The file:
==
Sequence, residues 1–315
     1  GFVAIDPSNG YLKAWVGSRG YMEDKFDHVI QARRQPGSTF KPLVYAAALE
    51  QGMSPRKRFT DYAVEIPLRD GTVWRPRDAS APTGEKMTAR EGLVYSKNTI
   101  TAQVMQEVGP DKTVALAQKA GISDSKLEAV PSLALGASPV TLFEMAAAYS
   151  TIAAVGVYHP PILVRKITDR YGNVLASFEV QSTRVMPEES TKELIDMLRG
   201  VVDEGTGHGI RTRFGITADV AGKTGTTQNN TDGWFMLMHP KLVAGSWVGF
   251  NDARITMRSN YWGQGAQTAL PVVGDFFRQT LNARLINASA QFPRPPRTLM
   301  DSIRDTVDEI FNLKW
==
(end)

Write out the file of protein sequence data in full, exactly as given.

Sequence, residues 1–315
     1  GFVAIDPSNG YLKAWVGSRG YMEDKFDHVI QARRQPGSTF KPLVYAAALE
    51  QGMSPRKRFT DYAVEIPLRD GTVWRPRDAS APTGEKMTAR EGLVYSKNTI
   101  TAQVMQEVGP DKTVALAQKA GISDSKLEAV PSLALGASPV TLFEMAAAYS
   151  TIAAVGVYHP PILVRKITDR YGNVLASFEV QSTRVMPEES TKELIDMLRG
   201  VVDEGTGHGI RTRFGITADV AGKTGTTQNN TDGWFMLMHP KLVAGSWVGF
   251  NDARITMRSN YWGQGAQTAL PVVGDFFRQT LNARLINASA QFPRPPRTLM
   301  DSIRDTVDEI FNLKW